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The most recent issue of Life Insight covered developments concerning mifepristone ("RU 486") prior to its final approval by the Food and Drug Administration (FDA) on September 28. As it turns out, the final guidelines are even worse than anticipated. Relaxing significantly the relatively modest safety standards reportedly proposed as recently as June 2000, they represent an almost total capitulation to the abortion lobby.
In discussing the troubling aspects of mifepristone/ misoprostol ("M/M") approval, one suffers an embarrass de richesses—possible procedural irregularities in the FDA actions, manufacturer concerns and the drugs' inherent dangers.
Has the FDA Violated Its Own Regulations in Rushing M/M to Market?
Lawyers looking into the mifepristone/misoprostol approval have raised a question whether the FDA has misused its regulatory authority. The approval letter states: "The application is approved under 21 CFR 314 Subpart H." This subpart, entitled "Accelerated Approval of New Drugs for Serious or Life-Threatening Illnesses," was promulgated in 1992, in response to criticism that the FDA was too slow in approving experimental drugs to combat HIV/AIDS. It allows patients with very severe or terminal illnesses to obtain experimental drugs and antibiotics even before their safety and efficacy are fully explored. Expedited processing and approval under Subpart H are limited as follows:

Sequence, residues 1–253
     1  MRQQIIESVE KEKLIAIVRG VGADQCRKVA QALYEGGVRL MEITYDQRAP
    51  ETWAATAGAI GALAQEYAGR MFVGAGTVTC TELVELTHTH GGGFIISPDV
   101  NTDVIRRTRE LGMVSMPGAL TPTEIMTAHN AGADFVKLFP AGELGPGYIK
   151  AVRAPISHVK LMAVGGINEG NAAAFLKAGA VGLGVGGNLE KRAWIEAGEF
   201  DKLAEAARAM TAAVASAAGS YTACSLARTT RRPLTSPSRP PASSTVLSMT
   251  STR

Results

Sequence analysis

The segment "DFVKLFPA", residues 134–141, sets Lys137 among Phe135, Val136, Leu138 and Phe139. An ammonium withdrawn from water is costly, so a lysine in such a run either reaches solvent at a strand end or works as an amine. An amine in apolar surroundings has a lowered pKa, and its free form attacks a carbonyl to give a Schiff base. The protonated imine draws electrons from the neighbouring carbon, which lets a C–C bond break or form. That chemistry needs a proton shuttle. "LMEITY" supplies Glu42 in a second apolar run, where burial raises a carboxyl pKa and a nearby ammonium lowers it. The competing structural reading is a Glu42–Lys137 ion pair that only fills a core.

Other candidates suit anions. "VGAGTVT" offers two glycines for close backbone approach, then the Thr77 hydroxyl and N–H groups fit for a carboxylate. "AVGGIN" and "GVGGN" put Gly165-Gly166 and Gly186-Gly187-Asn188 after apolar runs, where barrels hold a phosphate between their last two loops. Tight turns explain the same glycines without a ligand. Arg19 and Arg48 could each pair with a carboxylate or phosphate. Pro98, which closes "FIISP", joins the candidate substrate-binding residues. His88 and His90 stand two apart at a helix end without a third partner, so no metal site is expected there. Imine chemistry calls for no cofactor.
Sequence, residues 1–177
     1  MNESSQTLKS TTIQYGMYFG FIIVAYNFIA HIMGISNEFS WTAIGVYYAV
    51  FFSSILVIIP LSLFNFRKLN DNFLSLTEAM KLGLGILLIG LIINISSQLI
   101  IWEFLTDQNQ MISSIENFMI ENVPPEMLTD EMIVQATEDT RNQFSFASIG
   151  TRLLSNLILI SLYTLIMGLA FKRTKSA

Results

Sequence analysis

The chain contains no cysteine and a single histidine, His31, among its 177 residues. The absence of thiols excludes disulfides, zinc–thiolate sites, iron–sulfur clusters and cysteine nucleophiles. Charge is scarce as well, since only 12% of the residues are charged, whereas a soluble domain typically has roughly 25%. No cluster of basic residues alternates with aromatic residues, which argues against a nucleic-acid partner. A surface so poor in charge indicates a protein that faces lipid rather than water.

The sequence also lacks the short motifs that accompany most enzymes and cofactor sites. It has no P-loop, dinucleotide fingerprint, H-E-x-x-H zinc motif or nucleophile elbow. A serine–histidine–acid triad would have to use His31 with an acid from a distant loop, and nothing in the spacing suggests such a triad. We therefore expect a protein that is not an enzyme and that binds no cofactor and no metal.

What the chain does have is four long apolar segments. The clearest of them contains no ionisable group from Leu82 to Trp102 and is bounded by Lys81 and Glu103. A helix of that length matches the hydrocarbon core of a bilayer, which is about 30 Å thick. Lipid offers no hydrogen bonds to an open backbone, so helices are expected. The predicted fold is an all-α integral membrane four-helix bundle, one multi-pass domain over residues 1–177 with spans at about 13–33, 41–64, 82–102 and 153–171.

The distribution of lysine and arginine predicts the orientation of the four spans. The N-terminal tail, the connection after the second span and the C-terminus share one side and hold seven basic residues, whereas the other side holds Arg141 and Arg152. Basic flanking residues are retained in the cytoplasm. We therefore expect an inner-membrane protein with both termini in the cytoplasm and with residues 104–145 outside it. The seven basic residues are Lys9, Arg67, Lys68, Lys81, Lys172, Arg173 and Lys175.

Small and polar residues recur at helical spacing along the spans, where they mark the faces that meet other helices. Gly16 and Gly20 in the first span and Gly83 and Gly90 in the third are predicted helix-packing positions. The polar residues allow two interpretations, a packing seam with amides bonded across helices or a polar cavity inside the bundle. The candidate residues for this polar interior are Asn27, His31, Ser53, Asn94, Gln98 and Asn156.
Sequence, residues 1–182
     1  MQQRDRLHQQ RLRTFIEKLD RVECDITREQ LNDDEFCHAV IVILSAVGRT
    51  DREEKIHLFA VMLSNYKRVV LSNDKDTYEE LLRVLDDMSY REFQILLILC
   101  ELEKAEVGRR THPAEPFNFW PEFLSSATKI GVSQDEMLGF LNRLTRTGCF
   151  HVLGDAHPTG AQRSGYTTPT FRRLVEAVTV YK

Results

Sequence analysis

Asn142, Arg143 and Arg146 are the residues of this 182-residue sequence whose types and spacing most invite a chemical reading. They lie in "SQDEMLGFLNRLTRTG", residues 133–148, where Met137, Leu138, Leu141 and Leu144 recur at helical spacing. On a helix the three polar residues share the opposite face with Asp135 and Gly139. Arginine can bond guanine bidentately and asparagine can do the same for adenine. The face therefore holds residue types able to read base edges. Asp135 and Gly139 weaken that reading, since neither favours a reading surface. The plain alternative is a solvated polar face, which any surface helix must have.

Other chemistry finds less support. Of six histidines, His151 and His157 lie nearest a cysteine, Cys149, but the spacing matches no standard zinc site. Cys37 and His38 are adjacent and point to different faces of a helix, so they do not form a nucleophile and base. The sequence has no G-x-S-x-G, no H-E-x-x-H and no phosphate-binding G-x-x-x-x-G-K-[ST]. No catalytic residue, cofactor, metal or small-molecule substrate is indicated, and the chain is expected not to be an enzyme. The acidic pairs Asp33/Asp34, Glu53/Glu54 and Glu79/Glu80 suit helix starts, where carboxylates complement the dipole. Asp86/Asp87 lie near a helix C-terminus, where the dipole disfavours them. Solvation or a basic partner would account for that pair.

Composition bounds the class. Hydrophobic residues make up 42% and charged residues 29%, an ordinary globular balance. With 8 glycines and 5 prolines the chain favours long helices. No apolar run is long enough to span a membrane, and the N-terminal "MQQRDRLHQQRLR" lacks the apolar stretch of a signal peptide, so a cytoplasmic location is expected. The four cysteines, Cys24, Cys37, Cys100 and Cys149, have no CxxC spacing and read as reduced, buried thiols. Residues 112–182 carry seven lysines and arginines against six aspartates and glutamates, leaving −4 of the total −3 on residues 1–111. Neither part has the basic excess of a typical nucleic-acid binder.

"This subpart applies to certain new drug products that have been studied for their safety and effectiveness in treating serious or life-threatening illnesses and that provide meaningful therapeutic benefit to patients over existing treatments (e.g., ability to treat patients unresponsive to, or intolerant of, available therapy, or improved patient response over available therapy)" (21 CFR §314.500; emphasis added).
Every drug approved under Subpart H prior to July 2000 is conveniently listed on the FDA website at http://www.fda.gov/cder/rdmt/accapp.htm. About a third of the 28 listed drugs combat HIV, another 7 deal with specific types of cancer. One governs the use of thalidomide in treating leprosy. All apparently relate to the treatment of life-threatening illnesses.
The FDA's reliance on Subpart H to expedite approval of two extremely risky drugs for abortion seems a mockery of the regulatory purpose. Pregnancy is not an illness and certainly not one that is life-threatening in the first seven weeks (unless it is a tubal pregnancy in which case M/M abortions are absolutely contraindicated). Other "safe" methods of abortion are readily available. There is no medical urgency in approving the drug combination before completing customary studies; the only urgency is dictated by the approaching end of the current Administration which has fought so long and hard for approval.
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